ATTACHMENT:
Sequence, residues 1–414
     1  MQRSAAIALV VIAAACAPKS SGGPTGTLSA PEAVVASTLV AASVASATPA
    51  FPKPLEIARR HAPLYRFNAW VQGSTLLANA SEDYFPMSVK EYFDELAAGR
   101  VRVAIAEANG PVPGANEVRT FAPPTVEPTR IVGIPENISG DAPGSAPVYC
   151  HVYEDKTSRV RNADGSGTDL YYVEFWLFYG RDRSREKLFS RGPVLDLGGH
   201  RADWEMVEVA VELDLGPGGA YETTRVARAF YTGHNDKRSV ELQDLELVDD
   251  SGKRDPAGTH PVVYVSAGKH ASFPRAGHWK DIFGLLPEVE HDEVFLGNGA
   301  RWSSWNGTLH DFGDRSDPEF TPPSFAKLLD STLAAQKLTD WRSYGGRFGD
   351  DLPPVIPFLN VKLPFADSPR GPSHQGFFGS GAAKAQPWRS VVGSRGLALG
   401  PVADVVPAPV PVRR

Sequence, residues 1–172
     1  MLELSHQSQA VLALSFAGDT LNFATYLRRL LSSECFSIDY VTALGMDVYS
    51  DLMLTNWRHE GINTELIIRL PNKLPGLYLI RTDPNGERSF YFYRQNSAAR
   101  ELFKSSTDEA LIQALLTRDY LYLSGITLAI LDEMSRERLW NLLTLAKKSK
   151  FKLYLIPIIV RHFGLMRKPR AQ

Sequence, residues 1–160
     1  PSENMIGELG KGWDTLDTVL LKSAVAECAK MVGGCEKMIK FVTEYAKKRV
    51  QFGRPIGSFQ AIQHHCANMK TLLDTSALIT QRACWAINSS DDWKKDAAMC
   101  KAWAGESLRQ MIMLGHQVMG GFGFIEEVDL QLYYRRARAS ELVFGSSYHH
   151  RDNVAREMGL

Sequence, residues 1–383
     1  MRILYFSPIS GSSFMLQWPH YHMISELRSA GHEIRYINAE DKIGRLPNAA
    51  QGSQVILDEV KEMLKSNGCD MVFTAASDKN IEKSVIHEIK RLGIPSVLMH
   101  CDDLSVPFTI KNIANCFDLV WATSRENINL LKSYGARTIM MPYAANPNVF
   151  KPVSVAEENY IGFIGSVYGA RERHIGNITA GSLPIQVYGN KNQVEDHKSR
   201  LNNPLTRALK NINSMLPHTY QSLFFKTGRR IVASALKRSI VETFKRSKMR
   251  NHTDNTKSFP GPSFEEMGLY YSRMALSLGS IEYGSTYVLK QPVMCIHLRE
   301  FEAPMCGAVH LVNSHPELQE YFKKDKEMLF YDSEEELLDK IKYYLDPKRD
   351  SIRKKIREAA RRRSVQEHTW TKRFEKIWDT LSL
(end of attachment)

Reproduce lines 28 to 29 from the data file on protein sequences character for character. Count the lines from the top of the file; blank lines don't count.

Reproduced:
   301  FEAPMCGAVH LVNSHPELQE YFKKDKEMLF YDSEEELLDK IKYYLDPKRD
   351  SIRKKIREAA RRRSVQEHTW TKRFEKIWDT LSL